The workshop aims at analysing anew the historiography of mathematics during the 19th and 20th centuries with special attention paid to the cultural contexts in which the history of mathematics was written. During the period from roughly 1880 to 1940, mathematics modernized in important ways, both concerning its content, its conditions for cultivation, and its identity; and the writing of history of mathematics played into the last part, in particular (see e.g. Gray 2008). Since the 1960s, the discipline has increasingly gained autonomy from mathematics occupying an interdisciplinary area with affiliations to mathematics, of course, but also with the history of science and philosophy of mathematics.

Simultaneous with the modernization of mathematics, history of mathematics gradually developed as a field of research with its own journals, societies and academic positions (see for example Dauben and Scriba 2002). Reflecting both anew professional identity and changes in the primary audience, various shifts of perspective in the way of writing history of mathematics can be observed which continue to this day: From initially concentrating on major internal, universal developments of certain sub-disciplines of mathematics, the field gradually gravitated towards a focus on contexts of knowledge production involving individuals, local practices, problems, communities, and networks. Our interest lies in linking these disciplinary and methodological changes in the history of mathematics to the wider cultural contexts of its practitioners, namely the historians of mathematics during the period in question.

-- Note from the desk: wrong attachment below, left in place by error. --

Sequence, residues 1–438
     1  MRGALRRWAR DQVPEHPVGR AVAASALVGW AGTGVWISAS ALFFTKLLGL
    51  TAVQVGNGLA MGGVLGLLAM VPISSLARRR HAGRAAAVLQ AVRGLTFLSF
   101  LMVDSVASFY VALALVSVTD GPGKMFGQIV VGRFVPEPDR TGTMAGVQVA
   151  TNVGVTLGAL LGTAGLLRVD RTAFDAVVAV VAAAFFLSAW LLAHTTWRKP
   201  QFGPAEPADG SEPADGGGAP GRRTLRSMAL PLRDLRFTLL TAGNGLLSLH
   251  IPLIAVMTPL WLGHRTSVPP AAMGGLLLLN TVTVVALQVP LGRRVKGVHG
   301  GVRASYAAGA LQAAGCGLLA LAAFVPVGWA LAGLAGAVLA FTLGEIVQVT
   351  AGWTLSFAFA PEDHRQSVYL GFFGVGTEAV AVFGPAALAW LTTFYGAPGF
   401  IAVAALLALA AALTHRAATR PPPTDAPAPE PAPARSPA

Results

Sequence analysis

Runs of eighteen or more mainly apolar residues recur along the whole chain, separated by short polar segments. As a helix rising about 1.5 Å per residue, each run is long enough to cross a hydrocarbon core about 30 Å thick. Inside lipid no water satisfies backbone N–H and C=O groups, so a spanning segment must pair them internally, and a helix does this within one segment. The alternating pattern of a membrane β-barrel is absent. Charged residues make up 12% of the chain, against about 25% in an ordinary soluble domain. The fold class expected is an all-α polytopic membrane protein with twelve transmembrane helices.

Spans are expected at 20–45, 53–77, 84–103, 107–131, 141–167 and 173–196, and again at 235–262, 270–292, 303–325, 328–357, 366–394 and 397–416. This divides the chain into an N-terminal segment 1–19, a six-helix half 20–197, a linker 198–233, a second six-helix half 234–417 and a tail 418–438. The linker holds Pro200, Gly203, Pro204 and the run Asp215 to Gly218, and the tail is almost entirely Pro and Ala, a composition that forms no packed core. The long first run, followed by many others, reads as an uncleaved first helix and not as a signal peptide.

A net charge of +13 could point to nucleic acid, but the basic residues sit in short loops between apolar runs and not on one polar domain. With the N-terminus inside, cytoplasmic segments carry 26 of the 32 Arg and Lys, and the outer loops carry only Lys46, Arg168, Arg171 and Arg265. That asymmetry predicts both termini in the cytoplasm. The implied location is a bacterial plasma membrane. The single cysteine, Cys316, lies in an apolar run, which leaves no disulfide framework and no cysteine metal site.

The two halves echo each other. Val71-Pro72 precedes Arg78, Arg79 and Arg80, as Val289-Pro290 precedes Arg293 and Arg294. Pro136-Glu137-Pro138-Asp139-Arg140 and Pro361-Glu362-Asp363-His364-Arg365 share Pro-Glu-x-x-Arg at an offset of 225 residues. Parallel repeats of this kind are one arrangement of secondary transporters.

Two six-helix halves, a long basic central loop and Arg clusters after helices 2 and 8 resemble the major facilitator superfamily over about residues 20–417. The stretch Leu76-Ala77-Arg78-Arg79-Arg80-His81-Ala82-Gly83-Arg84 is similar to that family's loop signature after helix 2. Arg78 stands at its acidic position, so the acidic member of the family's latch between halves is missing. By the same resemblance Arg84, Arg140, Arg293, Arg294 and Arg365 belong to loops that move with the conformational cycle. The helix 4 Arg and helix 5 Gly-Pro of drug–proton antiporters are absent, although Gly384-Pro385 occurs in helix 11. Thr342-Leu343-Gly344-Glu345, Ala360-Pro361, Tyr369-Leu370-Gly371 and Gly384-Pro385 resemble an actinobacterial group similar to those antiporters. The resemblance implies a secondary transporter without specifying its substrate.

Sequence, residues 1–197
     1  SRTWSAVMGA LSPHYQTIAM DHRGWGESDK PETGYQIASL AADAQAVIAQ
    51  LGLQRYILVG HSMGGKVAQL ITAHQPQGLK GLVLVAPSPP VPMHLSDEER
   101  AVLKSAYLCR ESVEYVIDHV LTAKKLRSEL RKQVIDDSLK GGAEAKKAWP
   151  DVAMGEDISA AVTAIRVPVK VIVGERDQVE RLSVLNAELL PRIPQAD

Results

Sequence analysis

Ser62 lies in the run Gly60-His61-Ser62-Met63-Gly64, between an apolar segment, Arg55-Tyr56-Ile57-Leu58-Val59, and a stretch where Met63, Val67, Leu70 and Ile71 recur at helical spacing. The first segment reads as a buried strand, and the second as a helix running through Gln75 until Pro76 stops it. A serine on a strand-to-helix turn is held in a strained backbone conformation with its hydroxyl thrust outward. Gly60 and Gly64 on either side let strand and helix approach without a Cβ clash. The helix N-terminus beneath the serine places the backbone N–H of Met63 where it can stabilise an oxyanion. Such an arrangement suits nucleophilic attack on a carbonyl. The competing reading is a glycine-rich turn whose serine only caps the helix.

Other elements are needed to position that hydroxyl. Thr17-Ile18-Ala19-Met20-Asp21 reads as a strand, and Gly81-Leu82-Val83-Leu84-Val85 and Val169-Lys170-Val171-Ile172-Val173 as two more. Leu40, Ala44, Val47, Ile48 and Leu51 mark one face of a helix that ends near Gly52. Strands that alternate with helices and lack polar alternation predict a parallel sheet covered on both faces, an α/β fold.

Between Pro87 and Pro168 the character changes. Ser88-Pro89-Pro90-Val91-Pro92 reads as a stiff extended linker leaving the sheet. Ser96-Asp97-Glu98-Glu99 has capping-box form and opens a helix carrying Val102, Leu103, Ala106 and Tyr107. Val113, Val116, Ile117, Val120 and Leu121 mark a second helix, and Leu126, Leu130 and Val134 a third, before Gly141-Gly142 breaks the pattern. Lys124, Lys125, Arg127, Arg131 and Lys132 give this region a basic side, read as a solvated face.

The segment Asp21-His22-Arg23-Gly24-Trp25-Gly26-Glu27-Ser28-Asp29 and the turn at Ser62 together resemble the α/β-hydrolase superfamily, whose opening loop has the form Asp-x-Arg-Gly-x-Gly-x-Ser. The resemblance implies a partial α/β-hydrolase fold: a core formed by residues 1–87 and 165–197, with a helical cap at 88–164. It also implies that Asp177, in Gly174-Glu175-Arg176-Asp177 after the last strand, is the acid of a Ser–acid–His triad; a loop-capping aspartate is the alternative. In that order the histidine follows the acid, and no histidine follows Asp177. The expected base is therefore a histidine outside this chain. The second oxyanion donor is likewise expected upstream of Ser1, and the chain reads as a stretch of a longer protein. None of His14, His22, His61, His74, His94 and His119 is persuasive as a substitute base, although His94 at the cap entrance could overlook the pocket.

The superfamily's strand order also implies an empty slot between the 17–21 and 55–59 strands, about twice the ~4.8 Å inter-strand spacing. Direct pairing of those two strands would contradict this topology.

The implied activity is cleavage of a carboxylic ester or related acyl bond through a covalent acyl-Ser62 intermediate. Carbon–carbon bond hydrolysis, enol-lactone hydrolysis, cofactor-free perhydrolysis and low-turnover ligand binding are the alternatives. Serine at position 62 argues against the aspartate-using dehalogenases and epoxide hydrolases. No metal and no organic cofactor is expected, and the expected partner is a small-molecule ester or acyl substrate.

By analysing the often hidden agendas of former historians of mathematics we are led to reflect upon our own professional objectives as well as on the methods and tools we employ today. Thus, our aim for this workshop is twofold: First, we want to bring together a suitable number of individual cases from a variety of backgrounds to form a first basis for comparison. Second, we want to open up for methodological discussion issues bearing on how to approach such a project in the “meta-history” of mathematics in the 19th and 20th centuries. Our hope is that the workshop will contribute to on-going research projects and illuminate a new perspective on contemporary discussions about the historiography of mathematics.

# Bibliography

- Dauben, J. W. and C. J. Scriba, eds. (2002).
*Writing the History of Mathematics. Its Historical Development*. Basel, Boston, and Berlin: Birkhäuser Verlag.
- Gray, J. (2008).
*Plato’s Ghost: The Modernist Transformation of Mathematics*. Princeton and Oxford: Princeton University Press.
- Weil, A. (1978). “History of mathematics: Why and how”. In:
*Collected Papers*. 3 vols. New York: Springer-Verlag.

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